Prima Facie Retaliation Case

Title VII's anti-retaliation provision makes it unlawful for an employer to "discriminate against" an employee "because he has opposed any practice made an unlawful employment practice" by the statute or "because he has made a charge, testified, assisted, or participated in [a relevant] investigation, proceeding, or hearing." 42 U.S.C. § 2000e-3(a). An employee may prove retaliation under either the direct or indirect method of proof. McDonnell Douglas Corp. v. Green, 411 U.S. 792, 801-02 (1973) (outlining the indirect method); Boumehdi v. Plastag Holdings, LLC, 489 F.3d 781, 792 (7th Cir. 2007) (acknowledging both methods).

Under the direct method, a plaintiff must present evidence of: 1) a statutorily protected activity;

2) an adverse action; and 3) a causal connection between the protected activity and the adverse action. Sitar v. Ind. Dep't of Transp., 344 F.3d 720, 728 (7th Cir. 2003). The plaintiff may offer circumstantial evidence of intentional retaliation, including evidence of suspicious timing, ambiguous statements, and other facts that, when taken together, create an inference of discriminatory intent. Troupe v. May Dep't Stores Co., 20 F.3d 734, 736 (7th Cir. 1994). Under the indirect burden-shifting method, plaintiff must show that: 1) she is a member of a protected class; (2) she was meeting her employer's legitimate expectations; 3) she suffered an adverse employment action; and (4) other similarly-situated employees who were not members of the class were treated more favorably. See McDonnell Douglas, 411 U.S. at 801; Koski v. Standex Int'l Corp., 307 F.3d 672, 676 (7th Cir. 2002).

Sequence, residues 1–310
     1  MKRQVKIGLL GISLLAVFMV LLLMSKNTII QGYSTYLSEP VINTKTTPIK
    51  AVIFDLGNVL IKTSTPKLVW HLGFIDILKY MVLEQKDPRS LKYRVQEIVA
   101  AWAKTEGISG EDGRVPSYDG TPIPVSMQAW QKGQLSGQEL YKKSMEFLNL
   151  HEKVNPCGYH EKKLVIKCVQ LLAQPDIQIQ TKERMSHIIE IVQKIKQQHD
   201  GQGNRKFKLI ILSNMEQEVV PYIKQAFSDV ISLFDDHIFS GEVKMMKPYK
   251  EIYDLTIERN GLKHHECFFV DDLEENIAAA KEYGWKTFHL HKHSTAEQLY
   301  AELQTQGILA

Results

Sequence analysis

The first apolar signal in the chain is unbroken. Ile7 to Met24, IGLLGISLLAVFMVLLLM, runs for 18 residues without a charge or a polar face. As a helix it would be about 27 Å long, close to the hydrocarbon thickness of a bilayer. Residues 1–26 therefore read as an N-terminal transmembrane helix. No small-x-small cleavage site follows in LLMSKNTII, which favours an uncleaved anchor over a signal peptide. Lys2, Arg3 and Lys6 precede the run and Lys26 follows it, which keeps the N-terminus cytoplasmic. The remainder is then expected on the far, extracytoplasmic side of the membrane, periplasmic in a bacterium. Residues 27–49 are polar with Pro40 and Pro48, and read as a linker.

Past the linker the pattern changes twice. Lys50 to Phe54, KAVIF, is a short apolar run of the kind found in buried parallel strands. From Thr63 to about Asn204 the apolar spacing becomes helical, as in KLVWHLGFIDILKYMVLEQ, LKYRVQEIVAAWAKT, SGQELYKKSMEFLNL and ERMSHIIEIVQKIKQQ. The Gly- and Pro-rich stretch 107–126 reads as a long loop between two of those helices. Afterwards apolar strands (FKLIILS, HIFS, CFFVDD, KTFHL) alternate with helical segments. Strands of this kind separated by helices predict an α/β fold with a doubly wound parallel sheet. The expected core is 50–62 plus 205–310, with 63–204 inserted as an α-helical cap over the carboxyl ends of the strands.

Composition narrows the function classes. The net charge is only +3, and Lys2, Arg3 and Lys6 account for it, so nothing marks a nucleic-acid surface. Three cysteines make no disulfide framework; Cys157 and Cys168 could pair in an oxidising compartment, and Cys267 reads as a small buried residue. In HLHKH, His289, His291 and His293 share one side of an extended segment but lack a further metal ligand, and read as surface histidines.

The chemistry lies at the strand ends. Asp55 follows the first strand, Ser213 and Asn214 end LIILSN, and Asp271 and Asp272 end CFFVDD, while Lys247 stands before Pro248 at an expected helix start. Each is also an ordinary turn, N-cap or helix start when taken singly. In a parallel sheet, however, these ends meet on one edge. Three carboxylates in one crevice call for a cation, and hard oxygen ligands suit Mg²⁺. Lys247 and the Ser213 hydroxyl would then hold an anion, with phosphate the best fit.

Plaintiff argues that she has established a prima facie case under both the direct and indirect methods. The court agrees that she has established a prima facie case using the direct method.

Defendant concedes that plaintiff engaged in three instances of protected activity during her employment: the IDHR charges that she filed on December 1, 2006; May 10, 2007; and March 5, 2008. Defendant further concedes that plaintiff suffered two adverse employment actions: her March 5, 2008 one-day suspension without pay and her April 3, 2008, termination. Defendant's denial of plaintiff's step wage increase in early 2007 constitutes an additional adverse employment action. See Bell v. Envtl. Prot. Agency, 232 F.3d 546, 555 (7th Cir. 2000) (failure to promote an employee, including by failing to approve a scheduled salary increase, is a significant change in employment status that constitutes an adverse employment action). Accordingly, the only question under the direct method is whether plaintiff has sufficiently established a causal link between her IDHR charges and her suspension, wage increase denial, or termination.